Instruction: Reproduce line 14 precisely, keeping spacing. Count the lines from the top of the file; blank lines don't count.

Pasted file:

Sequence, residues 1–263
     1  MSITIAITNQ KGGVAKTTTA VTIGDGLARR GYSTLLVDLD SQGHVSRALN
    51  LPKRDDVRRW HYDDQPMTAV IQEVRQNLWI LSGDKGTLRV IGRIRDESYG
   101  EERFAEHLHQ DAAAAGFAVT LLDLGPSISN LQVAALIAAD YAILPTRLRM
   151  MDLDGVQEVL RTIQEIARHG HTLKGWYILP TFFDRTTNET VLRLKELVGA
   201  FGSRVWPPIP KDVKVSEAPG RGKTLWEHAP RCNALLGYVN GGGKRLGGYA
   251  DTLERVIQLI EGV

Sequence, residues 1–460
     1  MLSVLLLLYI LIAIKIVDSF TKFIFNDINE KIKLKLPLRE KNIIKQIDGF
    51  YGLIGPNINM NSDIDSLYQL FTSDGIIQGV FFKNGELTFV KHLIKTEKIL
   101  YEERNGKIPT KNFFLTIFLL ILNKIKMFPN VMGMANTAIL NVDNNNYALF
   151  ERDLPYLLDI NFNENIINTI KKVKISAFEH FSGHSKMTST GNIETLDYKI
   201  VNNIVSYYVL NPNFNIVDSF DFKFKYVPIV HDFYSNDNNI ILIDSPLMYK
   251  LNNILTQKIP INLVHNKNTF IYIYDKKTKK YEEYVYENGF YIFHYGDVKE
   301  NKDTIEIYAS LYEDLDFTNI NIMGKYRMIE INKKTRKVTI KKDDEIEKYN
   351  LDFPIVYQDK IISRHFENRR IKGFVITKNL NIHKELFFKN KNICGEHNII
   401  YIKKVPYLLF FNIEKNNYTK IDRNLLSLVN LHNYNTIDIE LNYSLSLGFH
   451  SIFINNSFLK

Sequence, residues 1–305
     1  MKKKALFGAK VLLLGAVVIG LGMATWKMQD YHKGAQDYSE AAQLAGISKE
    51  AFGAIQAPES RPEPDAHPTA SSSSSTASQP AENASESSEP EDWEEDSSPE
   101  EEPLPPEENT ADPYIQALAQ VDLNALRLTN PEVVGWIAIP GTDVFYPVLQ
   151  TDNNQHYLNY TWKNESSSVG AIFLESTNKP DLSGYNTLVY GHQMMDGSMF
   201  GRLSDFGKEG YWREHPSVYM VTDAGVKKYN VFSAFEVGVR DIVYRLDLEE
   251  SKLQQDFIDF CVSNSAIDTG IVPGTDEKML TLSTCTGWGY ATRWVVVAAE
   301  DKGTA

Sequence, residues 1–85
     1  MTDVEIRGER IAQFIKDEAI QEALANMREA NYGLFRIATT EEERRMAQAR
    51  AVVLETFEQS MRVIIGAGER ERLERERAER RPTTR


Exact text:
   251  LNNILTQKIP INLVHNKNTF IYIYDKKTKK YEEYVYENGF YIFHYGDVKE